Ever since the first emojis appeared in Japanese smartphones in the last 90s, it has been the world’s favorite. Often called as digital expression, emojis have been an unputdownable part of messaging, more so today. They help turn flat and emotionless text into meaningful, expressional conveys.
Modern emojis started off as simple text-based emoticons, like :-), or 🙁 and the first emoji was created by the Japanese artist Shigetaka Kurita in 1999.
Kurita’s first set of emojis was a set of 12- by 12-pixel images that could be shared from a keyboard-like grid within DOCOMO’s “i-mode” interface. DOCOMO was then Japan’s main internet carrier and i-mode was a dedicated internet-based mobile platform.
With time, emojis went to become people’s favorite. Rival companies started to borrow DOCOMO’s idea, like Apple. It was in 2007, Google took the initiative to standardize the development of emojis at an international level, petitioning to get emojis recognized by Unicode Consortium – a global body that oversees text standards in computers, according to Wired.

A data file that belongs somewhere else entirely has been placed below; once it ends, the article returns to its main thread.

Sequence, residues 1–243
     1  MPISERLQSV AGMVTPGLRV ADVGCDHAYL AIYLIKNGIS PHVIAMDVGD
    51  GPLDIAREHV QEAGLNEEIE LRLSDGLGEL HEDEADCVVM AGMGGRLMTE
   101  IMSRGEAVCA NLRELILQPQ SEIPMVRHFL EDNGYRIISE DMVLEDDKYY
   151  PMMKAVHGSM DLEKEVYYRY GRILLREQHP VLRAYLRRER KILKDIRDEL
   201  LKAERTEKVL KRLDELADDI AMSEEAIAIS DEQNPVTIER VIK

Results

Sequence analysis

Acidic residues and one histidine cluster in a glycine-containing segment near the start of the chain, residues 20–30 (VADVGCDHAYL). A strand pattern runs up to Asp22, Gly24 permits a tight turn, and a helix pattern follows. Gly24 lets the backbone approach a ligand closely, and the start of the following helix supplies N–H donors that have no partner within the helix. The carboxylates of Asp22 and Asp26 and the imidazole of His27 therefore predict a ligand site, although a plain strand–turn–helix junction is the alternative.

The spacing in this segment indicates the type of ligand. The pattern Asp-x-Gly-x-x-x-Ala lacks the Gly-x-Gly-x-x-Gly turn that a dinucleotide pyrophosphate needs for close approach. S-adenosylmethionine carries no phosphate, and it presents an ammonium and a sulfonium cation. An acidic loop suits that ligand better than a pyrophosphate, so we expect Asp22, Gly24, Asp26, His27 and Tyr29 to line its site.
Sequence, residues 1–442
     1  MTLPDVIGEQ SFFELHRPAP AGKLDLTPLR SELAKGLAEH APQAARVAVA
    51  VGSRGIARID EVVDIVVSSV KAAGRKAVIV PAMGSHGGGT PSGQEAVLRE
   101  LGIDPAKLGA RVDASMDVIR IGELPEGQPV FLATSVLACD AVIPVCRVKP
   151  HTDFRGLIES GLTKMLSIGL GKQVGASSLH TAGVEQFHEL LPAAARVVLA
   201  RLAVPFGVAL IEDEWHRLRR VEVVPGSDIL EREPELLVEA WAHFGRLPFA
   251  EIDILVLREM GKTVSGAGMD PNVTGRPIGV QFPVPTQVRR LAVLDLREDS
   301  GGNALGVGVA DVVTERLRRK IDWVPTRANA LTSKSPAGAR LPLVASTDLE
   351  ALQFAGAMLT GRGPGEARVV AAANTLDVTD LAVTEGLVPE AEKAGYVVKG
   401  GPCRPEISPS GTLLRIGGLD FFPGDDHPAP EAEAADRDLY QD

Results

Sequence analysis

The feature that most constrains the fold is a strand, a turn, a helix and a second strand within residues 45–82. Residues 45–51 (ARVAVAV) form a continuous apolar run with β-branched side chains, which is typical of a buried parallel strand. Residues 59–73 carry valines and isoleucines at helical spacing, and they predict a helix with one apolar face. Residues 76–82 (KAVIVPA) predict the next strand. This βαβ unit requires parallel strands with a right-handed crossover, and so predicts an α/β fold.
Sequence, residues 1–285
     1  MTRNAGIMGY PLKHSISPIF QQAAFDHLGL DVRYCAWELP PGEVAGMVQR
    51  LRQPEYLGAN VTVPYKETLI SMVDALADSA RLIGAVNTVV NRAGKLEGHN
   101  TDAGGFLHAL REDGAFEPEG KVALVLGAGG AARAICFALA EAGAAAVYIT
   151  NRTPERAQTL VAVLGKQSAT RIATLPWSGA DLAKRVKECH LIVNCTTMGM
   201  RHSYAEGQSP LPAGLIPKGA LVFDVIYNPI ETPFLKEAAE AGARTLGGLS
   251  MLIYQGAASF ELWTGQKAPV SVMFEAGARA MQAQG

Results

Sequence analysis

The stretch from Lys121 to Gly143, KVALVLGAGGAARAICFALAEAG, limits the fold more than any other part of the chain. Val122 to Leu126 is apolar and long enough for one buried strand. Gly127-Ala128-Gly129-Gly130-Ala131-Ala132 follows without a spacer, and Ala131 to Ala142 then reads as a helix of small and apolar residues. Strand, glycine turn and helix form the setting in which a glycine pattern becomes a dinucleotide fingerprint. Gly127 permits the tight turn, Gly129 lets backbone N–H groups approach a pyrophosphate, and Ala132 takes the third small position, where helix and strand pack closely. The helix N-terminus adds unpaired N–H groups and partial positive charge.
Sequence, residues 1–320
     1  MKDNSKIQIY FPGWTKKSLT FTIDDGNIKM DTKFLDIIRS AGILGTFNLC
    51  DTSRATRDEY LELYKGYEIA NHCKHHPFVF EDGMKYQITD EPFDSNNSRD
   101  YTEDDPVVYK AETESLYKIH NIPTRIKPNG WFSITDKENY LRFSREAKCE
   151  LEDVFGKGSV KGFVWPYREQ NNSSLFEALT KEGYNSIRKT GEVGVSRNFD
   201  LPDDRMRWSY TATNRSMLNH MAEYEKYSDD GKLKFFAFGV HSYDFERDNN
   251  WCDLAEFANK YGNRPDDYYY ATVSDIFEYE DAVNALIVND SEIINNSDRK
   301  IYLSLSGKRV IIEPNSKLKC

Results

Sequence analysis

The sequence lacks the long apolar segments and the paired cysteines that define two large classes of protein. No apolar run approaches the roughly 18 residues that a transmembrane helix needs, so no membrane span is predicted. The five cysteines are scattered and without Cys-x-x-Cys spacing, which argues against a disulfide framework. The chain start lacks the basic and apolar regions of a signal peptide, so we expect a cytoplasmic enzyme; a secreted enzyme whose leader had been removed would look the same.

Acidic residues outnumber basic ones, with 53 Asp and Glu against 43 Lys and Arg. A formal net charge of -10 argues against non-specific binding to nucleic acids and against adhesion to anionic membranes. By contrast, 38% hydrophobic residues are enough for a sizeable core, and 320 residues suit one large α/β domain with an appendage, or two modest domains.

Unicode started to process standardization of emojis in 2010. Since then it has come a long way to date, sometimes developed by Apple, the other time Google followed suit, and emojis kept advancing and becoming a universal language of expression. Not to forget how inclusively.
Here are some influential companies wishing the very best of the World Emoji Day:
Today we’re at a time it is virtually impossible to write a line without using any of the smileys or icons available in the growing keyboards available across Apple and Android devices. How else would you rather convey that you’re laughing out loud, with teary eyes and that you’re smiling shyly with a hint of blush? Emojis just do hem all.
What do you feel? Let us know your thoughts in the comments below.